Wednesday, May 29, 2013

Gear Review: PurifiCup Water Filters

PurifiCupWater is everywhere in the Adirondack backcountry; swinging a dead blackfly is impossible without getting wet. Unfortunately, it is not clear how much of this water is safe to drink. For that reason, most backcountry enthusiasts treat their water, thus avoiding the possibility of bringing home a unfriendly aquatic pathogen surprise that could unwrap itself as a putrid rear-end explosion days after returning home.

There are many different ways of treating questionable water sources, the most common being boiling, adding a chemical or filtering it through a permeable membrane. These days most backcountry explorers go the filter route, as it is often the cheapest, most practical and convenient way to ensure safe drinking water.

One water filter that combines the characteristics of both chemical treatment and a membrane in an unconventional way is the PurifiCup. This filter with the odd-sounding name differs from most other filters with its world-patented silver membrane design, which the manufacturer claims eliminates up to 99.99% of all bacteria and parasites, including some 600 different types of vicious and nasty backcountry critters.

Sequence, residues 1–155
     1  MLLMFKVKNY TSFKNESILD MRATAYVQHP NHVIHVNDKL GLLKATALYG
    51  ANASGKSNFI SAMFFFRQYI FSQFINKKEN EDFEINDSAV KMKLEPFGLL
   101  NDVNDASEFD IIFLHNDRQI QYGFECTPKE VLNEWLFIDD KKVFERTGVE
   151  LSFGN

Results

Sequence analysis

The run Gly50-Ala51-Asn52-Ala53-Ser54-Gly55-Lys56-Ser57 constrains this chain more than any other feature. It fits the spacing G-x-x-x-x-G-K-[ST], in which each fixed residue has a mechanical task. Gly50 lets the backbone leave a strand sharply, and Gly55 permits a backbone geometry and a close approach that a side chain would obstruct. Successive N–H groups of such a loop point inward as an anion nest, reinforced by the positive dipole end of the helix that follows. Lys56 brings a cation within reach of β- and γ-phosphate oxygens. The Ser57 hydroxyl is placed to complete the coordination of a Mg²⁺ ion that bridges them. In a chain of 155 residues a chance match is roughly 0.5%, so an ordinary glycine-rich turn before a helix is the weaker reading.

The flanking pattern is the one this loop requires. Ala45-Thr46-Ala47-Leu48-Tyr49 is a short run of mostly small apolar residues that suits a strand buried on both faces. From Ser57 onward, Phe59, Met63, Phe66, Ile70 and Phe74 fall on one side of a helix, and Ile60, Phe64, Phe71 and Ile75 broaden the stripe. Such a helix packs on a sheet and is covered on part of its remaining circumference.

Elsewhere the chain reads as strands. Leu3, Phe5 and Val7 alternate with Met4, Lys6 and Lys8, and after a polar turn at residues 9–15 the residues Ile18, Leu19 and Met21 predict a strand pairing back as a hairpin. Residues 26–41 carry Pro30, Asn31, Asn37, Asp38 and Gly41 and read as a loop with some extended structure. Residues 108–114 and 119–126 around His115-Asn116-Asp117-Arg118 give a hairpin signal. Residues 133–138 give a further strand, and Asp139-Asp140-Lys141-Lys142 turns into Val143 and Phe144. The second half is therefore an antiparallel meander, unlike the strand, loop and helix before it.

PurifiCup goes beyond the needs of the Adirondack backcountry with its exclusive 3-stage filter technology that removes more than just the usual biological pathogens. The first stage, with its ion exchange resin, removes numerous heavy metals (e.g. lead, copper, cadmium, mercury, etc.) plus calcareous substances (e.g. magnesium and calcium ions). Next, an activated carbon component removes chlorine and other organic odorous substances, such as trihalomethane (THMs), organic solvents and pesticides. Finally, the silver membrane eliminates the many annoying biological pests, including E. coli, giardia
and Cryptosporidium.

For those interested in all the nit-picky details, check out the PurifiCup website, which contains a plethora of information on its unique technology, as well as numerous reports on its efficacy at removing biological pathogens and other dangerous substances from natural water sources.